Airport runway graves part of Savannah's history and mystique

Richard and Catherine Dotson's headstones mark runway 10 at Savannah-Hilton Head International Airport (Credit: SHHIA)

Thousands of airliners fly in and out of the airport in Savannah, but it wasn't always a tarmac.

When the Savannah-Hilton Head International airport decided they needed to expand, they ran into an unforeseen dilemma.

Richard and Catherine Dotson were farming pioneers and landowners way before any plane ever landed in Savannah.

Catherine died in 1877 and Richard seven years later. Their headstones are on the tarmac of runway 10.

Shannon Scott is a storyist for the Bonaventure Cemetery.

"It makes Savannah pretty unique," he said.

The Dotson family had a farm out there in what is now the international airport. Basically, they had to remove the family cemetery, which at that time had about 100 graves, including some of the slaves and the former workers of the property," said Scott.

And that's not all they did.

"Most of those graves were moved out here to Bonaventure Cemetery, and four of them were left in, essentially, the runway," he said.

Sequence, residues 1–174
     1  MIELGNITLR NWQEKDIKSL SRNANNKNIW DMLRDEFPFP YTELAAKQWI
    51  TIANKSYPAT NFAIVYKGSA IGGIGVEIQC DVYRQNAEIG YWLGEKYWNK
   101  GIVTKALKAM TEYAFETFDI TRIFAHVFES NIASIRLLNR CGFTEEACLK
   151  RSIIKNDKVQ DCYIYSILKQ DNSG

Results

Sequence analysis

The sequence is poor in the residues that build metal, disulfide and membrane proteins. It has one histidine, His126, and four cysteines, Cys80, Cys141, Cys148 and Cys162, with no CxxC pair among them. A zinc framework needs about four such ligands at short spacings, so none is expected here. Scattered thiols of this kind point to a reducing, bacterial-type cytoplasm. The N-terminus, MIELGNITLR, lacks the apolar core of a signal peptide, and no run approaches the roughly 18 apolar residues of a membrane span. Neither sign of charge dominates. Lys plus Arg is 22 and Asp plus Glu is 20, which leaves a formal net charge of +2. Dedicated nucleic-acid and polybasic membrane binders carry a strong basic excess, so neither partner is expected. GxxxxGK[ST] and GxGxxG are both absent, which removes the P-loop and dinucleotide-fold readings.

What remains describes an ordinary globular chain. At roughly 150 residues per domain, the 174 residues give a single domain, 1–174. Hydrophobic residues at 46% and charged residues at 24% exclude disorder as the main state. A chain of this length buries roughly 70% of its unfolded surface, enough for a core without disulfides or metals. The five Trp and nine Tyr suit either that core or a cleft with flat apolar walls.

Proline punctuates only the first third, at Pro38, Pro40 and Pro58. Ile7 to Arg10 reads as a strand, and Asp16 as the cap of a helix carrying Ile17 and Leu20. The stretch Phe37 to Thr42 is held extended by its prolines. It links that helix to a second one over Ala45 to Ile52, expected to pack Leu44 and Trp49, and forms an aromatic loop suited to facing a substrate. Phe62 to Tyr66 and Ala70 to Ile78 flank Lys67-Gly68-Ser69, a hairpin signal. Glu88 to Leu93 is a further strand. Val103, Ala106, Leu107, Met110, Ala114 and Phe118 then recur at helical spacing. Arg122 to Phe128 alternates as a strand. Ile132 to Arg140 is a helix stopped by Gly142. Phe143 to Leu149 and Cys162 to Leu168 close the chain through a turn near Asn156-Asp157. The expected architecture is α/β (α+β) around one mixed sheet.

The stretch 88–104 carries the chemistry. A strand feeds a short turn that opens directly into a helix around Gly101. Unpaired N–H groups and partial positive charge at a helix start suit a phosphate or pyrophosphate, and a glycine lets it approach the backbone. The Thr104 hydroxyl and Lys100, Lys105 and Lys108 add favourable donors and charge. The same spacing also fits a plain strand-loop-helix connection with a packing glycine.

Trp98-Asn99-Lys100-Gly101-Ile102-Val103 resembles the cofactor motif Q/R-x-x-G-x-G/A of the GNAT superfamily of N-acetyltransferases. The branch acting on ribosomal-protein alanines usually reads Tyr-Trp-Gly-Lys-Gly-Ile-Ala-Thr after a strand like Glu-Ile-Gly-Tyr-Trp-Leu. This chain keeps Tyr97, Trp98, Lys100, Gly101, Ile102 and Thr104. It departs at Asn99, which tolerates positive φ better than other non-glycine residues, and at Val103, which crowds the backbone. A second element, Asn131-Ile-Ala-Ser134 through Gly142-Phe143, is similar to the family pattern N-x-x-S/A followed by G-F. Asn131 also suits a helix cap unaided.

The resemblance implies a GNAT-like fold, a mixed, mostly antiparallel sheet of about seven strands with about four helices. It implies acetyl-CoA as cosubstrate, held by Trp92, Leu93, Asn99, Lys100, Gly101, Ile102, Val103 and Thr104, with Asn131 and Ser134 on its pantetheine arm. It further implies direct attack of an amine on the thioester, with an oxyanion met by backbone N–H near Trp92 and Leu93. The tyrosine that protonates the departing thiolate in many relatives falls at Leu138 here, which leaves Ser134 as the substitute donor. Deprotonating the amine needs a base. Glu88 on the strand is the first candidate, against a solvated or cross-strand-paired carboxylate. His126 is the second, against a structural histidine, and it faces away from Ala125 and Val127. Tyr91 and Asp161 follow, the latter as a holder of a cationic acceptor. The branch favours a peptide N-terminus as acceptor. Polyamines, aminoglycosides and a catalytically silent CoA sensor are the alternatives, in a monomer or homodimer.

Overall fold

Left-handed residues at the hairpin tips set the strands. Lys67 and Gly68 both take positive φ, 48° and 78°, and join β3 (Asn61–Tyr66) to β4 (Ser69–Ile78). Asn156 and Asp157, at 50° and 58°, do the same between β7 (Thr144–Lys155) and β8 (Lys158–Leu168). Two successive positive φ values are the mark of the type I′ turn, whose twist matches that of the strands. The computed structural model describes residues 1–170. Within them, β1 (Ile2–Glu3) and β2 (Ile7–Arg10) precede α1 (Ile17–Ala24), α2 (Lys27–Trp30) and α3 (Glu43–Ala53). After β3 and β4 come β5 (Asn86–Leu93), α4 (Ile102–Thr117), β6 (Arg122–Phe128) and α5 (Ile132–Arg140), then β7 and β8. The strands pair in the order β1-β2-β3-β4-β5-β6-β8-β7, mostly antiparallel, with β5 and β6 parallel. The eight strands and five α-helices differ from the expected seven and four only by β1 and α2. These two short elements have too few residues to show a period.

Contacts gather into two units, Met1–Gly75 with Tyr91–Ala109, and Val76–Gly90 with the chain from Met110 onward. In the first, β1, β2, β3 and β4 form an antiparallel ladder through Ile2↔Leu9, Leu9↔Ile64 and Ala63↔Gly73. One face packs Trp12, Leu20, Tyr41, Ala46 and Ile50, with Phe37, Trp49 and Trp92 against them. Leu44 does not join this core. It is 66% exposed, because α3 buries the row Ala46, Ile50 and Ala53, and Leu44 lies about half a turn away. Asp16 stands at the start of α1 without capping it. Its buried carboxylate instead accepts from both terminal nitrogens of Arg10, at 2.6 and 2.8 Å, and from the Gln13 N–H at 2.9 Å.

Stan Deaton is a senior historian for the Georgia Historical Society.

"Somehow the fact that they are still there resting in peace says something about the people who have been caretakers of this city for a long time," said Deaton.

Some travelers who caught a glimpse of the grave site seemed to take the revelation in stride.

Abby Sloan is a SCAD student who saw them.

"It was a little shocking, but I'm not super surprised. Savannah is kind of a spooky place," she said

But for Beaufort resident Lynn Jaecks, it was more nostalgic.

"It proves the sanctity of life that people who lived, even if they died a long time ago, are still on kind of sacred ground," said Jaecks.

It is sacred ground where Catherine and Richard Dotson eternally rest.

"If those people could rise up from that grave, they would be bewildered by what they see around them," said Deaton.

Shannon Scott adds it is all part of the mystique of Savannah.

"To me, that is sort of the quintessential Savannah: A city built on top of its own dead," he said.


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